The Royal Parks' team in Richmond Park produces a monthly diary (August issue below) which is displayed on the Park's public noticeboards.
If you are a member of the Friends and would like to receive these monthly diaries by email, please send your name and email address to email@example.com
August in the Park
The London-Surrey classic cycle road race
This road race is a test event for the London 2012 Olympic Games and will take part on Sunday August 14th. Road closure signs are at Park vehicle gates and Information notices for people using the Park will also be posted at pedestrian gates and car parks.
For the safety of park users and competitors the following restrictions will apply
• The Park will be closed to vehicles all day on 14 August 2011.
• Cycling is not permitted on the route from 8pm on the 13th Sept until 9pm on 14th
• Cycling in Richmond Park will be possible on the Tamsin Trail, National Cycle Route 4 and from Roehampton car park to Kingston car park.
• Crossing the race route will only be possible at specified crossing places and at limited times. Expect congestion at pedestrian gates, on the race route and at key viewing places – please be patient.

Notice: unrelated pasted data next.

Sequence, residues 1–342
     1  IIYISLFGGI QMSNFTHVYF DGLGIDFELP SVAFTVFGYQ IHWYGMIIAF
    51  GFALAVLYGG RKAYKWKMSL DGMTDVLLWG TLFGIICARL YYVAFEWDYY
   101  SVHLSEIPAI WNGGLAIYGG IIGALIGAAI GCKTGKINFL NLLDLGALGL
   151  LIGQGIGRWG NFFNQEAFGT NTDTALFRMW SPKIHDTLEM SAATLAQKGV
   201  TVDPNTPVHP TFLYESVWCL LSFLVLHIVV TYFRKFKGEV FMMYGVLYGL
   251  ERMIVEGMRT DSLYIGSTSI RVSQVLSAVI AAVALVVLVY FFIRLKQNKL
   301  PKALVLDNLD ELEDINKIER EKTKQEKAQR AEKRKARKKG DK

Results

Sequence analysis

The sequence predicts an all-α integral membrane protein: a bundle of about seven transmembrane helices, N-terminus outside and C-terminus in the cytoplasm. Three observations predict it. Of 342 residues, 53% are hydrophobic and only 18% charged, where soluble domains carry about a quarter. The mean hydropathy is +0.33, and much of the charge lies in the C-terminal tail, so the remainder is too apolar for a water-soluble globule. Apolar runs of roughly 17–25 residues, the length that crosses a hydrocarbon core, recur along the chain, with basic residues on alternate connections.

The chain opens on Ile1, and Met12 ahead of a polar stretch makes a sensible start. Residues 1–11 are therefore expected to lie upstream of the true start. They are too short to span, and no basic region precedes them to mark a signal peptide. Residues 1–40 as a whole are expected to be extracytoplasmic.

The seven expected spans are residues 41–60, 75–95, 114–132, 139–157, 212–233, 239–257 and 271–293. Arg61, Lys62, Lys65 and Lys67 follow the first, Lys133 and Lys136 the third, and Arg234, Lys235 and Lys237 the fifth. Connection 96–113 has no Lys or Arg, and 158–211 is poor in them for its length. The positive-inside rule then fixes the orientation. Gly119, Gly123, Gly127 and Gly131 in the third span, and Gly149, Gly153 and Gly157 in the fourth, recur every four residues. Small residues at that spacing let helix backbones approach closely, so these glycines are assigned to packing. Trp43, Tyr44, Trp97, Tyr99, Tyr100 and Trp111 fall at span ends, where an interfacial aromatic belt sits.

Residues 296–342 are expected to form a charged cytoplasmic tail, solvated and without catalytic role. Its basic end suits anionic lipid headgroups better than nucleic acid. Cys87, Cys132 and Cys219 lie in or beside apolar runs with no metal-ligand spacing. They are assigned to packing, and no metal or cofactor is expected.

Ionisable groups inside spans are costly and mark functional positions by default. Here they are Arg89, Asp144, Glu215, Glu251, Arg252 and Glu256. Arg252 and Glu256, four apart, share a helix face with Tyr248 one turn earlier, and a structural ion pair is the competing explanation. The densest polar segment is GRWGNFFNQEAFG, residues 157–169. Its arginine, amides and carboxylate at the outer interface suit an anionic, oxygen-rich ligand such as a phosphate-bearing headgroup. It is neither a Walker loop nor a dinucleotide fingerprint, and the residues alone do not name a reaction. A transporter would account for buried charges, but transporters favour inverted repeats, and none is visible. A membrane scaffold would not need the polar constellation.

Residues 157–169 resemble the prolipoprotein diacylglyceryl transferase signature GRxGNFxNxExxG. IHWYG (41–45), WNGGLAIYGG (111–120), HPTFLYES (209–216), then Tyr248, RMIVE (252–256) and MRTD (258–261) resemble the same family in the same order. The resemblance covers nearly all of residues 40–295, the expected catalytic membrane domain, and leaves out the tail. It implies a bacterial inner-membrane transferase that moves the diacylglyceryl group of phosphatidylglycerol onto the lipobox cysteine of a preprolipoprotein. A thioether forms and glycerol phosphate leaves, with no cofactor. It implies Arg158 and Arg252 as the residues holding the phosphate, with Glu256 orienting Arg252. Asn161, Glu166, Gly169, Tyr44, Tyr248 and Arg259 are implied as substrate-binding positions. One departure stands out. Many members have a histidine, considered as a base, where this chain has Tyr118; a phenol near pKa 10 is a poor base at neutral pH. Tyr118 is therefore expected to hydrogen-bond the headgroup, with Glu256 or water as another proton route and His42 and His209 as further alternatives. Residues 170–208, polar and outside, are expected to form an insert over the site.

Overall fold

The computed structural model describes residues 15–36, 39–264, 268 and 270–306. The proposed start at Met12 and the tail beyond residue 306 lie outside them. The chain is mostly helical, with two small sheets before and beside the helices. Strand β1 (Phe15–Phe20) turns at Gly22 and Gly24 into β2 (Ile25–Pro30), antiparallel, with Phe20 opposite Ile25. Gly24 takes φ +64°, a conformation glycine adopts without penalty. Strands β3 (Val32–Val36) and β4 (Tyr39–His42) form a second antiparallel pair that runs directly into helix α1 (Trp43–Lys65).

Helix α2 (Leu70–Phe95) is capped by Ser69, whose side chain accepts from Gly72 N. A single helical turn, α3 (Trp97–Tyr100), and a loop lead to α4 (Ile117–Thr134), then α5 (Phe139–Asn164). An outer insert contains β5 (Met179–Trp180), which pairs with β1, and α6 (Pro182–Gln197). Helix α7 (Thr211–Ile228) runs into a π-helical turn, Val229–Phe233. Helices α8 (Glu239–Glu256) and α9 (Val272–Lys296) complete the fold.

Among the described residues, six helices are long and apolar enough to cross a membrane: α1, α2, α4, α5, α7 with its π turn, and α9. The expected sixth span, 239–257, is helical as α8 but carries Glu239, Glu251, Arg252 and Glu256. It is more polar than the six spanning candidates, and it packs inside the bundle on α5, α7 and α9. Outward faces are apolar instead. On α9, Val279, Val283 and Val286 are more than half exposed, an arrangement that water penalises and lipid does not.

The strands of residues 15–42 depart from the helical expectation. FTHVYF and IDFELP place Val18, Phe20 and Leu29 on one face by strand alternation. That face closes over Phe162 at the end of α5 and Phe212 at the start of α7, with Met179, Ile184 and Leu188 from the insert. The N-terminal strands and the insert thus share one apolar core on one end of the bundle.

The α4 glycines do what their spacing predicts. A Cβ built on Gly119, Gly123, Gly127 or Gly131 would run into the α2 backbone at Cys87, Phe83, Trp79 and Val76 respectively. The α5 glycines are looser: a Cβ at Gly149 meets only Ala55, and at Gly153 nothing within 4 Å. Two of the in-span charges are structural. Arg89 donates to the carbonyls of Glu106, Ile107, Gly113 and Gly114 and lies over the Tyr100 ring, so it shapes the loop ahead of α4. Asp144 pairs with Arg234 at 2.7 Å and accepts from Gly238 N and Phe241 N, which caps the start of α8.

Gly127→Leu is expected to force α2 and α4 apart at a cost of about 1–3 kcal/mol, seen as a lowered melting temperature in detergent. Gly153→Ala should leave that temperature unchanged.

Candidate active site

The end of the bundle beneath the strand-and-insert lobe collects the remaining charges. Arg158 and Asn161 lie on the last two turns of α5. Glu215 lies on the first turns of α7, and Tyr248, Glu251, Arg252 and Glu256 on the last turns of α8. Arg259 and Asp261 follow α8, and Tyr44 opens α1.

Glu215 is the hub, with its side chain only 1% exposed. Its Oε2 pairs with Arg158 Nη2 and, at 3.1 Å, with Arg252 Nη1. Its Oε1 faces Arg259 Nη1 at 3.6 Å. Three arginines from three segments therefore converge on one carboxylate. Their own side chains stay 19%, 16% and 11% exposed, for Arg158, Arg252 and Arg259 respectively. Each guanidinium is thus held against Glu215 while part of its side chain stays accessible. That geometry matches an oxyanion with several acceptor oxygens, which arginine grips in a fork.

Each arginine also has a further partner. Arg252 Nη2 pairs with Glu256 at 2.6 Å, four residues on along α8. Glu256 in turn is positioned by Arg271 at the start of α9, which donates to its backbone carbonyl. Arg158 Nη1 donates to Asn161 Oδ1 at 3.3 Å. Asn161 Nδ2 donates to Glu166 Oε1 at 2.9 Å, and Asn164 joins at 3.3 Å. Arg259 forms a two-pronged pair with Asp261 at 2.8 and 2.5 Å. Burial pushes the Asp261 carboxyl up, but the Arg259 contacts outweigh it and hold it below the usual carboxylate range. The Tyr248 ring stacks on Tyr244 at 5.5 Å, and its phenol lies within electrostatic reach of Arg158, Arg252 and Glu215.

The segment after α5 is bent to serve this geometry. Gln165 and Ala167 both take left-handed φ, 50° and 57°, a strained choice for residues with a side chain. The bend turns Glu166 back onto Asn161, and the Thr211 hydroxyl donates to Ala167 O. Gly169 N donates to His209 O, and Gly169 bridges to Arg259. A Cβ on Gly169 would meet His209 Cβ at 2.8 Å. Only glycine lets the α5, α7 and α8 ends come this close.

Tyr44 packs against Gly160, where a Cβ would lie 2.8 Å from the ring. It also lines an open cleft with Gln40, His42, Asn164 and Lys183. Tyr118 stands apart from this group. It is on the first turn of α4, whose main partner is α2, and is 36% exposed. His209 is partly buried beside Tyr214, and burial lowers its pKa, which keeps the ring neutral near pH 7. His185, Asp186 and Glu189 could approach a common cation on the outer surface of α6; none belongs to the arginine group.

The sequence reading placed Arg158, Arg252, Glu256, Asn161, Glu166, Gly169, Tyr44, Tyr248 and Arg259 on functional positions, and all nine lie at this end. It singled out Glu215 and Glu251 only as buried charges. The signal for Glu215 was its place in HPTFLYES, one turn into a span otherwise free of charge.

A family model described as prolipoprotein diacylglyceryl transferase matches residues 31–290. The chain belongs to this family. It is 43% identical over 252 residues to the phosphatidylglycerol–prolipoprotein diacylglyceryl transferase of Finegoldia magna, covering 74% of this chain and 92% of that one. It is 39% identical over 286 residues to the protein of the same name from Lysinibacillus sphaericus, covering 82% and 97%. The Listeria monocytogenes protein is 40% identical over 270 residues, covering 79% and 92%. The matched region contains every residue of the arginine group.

• Please respect the crowd barriers, notices and instructions from event stewards and please note that tree climbing and BBQs are not permitted.
• Dogs must be kept on leads and horse riding will not be possible on 14th Sept
For more information see – www.londonpreparesseries.com/roadcycling
Compound in Pembroke Lodge car park
The temporary compound and radio mast in Pembroke Lodge car park will facilitate the Cycle Road Race. It will remain on site until a day or two after the event has taken place.
Green flag award
Last month Richmond Park was awarded a Green Flag for the fifth year running. This national award is given in recognition of achieving the national standard for parks and open spaces in England and Wales.
Now that the antlers are fully-grown, the ‘velvet’ covering becomes redundant. It dies and shreds and the deer thrash their antlers against vegetation to rub it off. At this time they may be seen briefly with blood stained tatters of skin dangling across their faces.
These attractive blue flowers are currently blooming. The name derives from it living closely alongside Hares in grassland and folklore states that Hare Bells chime to warn the Hares of danger. Well, not loudly enough even for the large ears of Hares, who were last seen in the Park in 1972.
Local names include Witches’ Bells, Harvest Bells, Heath Bell, Cuckoo’s Thimble, Fairy Caps and Granny’s Tears. In Scotland they are known as Blue Bells, but in the south of England ‘Blue Bell’ is saved for the woodland flower that blossoms early in the year. It is also considered unlucky to pick them – especially for hares!
The Isabella Plantation in August
Flowering shrubs worth seeking out include:
Magnolia grandiflora – Occupies a secluded glade to the south of Thomson's Pond. It has large white flowers with a delicious fragrance set amongst glossy evergreen leaves. Petals fall to reveal striking seed heads.